The Golden State Warriors are a team in turmoil.
That turmoil can be seen on the basketball court, as the Warriors stack up blown leads like they're building with blocks. It can also be seen off the court, as news leaks out about veterans frustrated about being benched for young players, and young players frustrated about being benched for veterans. If winning cures all ills, losing only heightens them.
Andrew Wiggins is having his worst season since joining the Warriors. Draymond Green has been suspended again, this time indefinitely, for back-handing Jusuf Nurkic. Jonathan Kuminga and Moses Moody are having their playing time yanked around, and both are frustrated enough to let that be known through the media.
Steve Kerr faces a nearly impossible task, to balance underperforming veterans and overperfirming youngsters and decide who to play on any given night. Stephen Curry is still amazing, but the players around him are too similar to make a rotation obvious. No matter who Kerr decides to play, other players will be frustrated.
That uncertainty has led to constantly changing lineups, both the starting lineup and the closing groups. One night Kuminga and Podziemski close, the next it's Chris Paul and Andrew Wiggins. Each new variation confuses and stresses out the players, and without obvious success as they continue to wobble around .500.
The Warriors aren't the only team struggling
There is another team just down the coast having a similar problem.
The Los Angeles Lakers won the NBA Championship just four seasons ago, and like the Warriors they have an aging superstar still playing at a high level. In fact, LeBron is still an All-NBA force at the age of 39. That's virtually unheard of, and it is enough to give the Lakers hope that they can win another title.
The issue has been the rest of the supporting cast. The veterans that the Lakers hoped to rely on have been unreliable, while the few young players haven't taken the expected step forward. There have been injuries and poor performances and plenty of frustration.
Just as Steve Kerr is under fire from frustrated players, Darvin Ham no longer has the confidence of every player on his roster. Ham's wheels are spinning and they aren't finding purchase, and the roster isn't willing to wait around forever for him to figure it out. He has used three starting lineups in as many games, and his players leaked to the media that they were unhappy with Ham and not confident in his ability to manage the team.
The difference between the two teams is that Kerr still has the confidence of his core players, let alone general manager Mike Dunleavy and the organization. Winning four titles will do a little something for job security. Ham, on the other hand, appears to be losing his relationship with LeBron James.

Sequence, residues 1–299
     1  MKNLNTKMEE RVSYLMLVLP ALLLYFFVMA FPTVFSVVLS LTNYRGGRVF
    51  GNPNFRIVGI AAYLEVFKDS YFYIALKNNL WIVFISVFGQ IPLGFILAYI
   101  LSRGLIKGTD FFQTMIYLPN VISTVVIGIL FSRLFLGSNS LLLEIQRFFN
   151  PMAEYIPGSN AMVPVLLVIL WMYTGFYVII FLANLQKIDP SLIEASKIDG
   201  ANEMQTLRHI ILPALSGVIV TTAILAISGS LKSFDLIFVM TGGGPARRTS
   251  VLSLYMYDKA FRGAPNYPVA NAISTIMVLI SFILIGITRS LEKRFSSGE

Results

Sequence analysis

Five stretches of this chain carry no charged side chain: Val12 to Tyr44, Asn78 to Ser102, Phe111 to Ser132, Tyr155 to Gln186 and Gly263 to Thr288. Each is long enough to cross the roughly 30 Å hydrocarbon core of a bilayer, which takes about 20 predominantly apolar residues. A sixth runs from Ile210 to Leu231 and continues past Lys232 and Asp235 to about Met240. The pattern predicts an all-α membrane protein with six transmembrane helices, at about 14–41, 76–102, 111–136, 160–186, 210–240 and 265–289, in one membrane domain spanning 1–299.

LeBron is now 39 years old; as successfully as he has defeated Father Time to this point, he doesn't have forever to punt another season mired in turmoil and disappointment. Last year the Lakers pulled off a couple of trades midway through the season and turned their outlook around.
What if this time, instead of a trade fixing the cast around LeBron, the superstar forward decides he can't truly compete for another title in Los Angeles and casts his gaze elsewhere?
Could the Lakers trade LeBron James?
That's the line of thought posited by longtime podcaster and media member Bill Simmons, known equally for his Celtics fandom, his love of basketball and his bold takes. In a recent podcast with Howard Beck, the two discussed the possibility of LeBron and the Lakers agreeing it was time to move on.
The two worked through a variety of trade ideas. Given LeBron's age it only makes sense for him to go to a contender, so they worked through the list of teams in both conferences that could potentially trade for The King. Then their gaze landed on The Bay and the possibility that the Warriors could trade for James.
It's obviously a wild idea to consider, but if you accept the initial premise it's one worth thinking about. LeBron would give Kerr and the Warriors a forward who can handle the ball and score, and there would be no doubts about who would be finishing games.
There would be a narrative element to such a move as well. LeBron and Curry have met four different times in the NBA Finals and would now be paired up, the two greatest players of the last twenty years. Draymond and LeBron have become off-court friends and business partners.
Perhaps most appealing of all, LeBron would finally team up with Chris Paul, the only member of his group of friends that he has never played on an NBA team with. Depending on how you rank them, that's three of the 25 or so best players in NBA history all on the same team, with another pair of Hall of Famers in Klay Thompson and Draymond Green there as well.
The Lakers would retool around Anthony Davis, with Austin Reaves and whichever young players come from the Warriors to build out a new core. That could include Jonathan Kuminga, who could see if his frustration would transfer to a new coach or whether he would get the opportunity to spread his wings.
The odds of this deal happening are quite low. It's far more likely that this fracture between the players and Darvin Ham is solved by Ham being fired; it would hardly be the first time LeBron has exerted influence and seen a coach fired. Even if they keep Ham, the options to make changes around LeBron will almost certainly be exercised instead of moving LeBron himself.
However unlikely it is, it's certainly an exciting proposition to consider. LeBron James and Stephen Curry, battling for one last title, is quite the storybook ending for both. If LeBron ever does demand a trade, it may be worth it to get the Warriors on the phone, just in case.